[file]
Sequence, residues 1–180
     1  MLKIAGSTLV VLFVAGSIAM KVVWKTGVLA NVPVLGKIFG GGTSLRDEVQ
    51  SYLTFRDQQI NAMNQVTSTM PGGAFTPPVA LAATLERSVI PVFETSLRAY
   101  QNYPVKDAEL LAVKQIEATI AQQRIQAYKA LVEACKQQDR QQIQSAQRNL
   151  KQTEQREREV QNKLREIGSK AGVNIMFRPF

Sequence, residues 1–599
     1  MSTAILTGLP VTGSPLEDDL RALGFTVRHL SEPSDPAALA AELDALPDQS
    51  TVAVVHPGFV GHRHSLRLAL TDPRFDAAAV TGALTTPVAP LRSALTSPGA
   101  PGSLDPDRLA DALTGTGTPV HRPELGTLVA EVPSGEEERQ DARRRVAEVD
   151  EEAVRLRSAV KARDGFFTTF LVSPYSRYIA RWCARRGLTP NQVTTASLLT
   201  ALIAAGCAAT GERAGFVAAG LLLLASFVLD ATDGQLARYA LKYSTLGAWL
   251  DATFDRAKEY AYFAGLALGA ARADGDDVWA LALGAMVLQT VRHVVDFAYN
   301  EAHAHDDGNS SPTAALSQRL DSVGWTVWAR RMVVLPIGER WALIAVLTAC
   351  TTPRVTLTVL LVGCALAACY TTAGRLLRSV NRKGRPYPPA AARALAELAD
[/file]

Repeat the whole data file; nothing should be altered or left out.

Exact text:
Sequence, residues 1–180
     1  MLKIAGSTLV VLFVAGSIAM KVVWKTGVLA NVPVLGKIFG GGTSLRDEVQ
    51  SYLTFRDQQI NAMNQVTSTM PGGAFTPPVA LAATLERSVI PVFETSLRAY
   101  QNYPVKDAEL LAVKQIEATI AQQRIQAYKA LVEACKQQDR QQIQSAQRNL
   151  KQTEQREREV QNKLREIGSK AGVNIMFRPF

Sequence, residues 1–599
     1  MSTAILTGLP VTGSPLEDDL RALGFTVRHL SEPSDPAALA AELDALPDQS
    51  TVAVVHPGFV GHRHSLRLAL TDPRFDAAAV TGALTTPVAP LRSALTSPGA
   101  PGSLDPDRLA DALTGTGTPV HRPELGTLVA EVPSGEEERQ DARRRVAEVD
   151  EEAVRLRSAV KARDGFFTTF LVSPYSRYIA RWCARRGLTP NQVTTASLLT
   201  ALIAAGCAAT GERAGFVAAG LLLLASFVLD ATDGQLARYA LKYSTLGAWL
   251  DATFDRAKEY AYFAGLALGA ARADGDDVWA LALGAMVLQT VRHVVDFAYN
   301  EAHAHDDGNS SPTAALSQRL DSVGWTVWAR RMVVLPIGER WALIAVLTAC
   351  TTPRVTLTVL LVGCALAACY TTAGRLLRSV NRKGRPYPPA AARALAELAD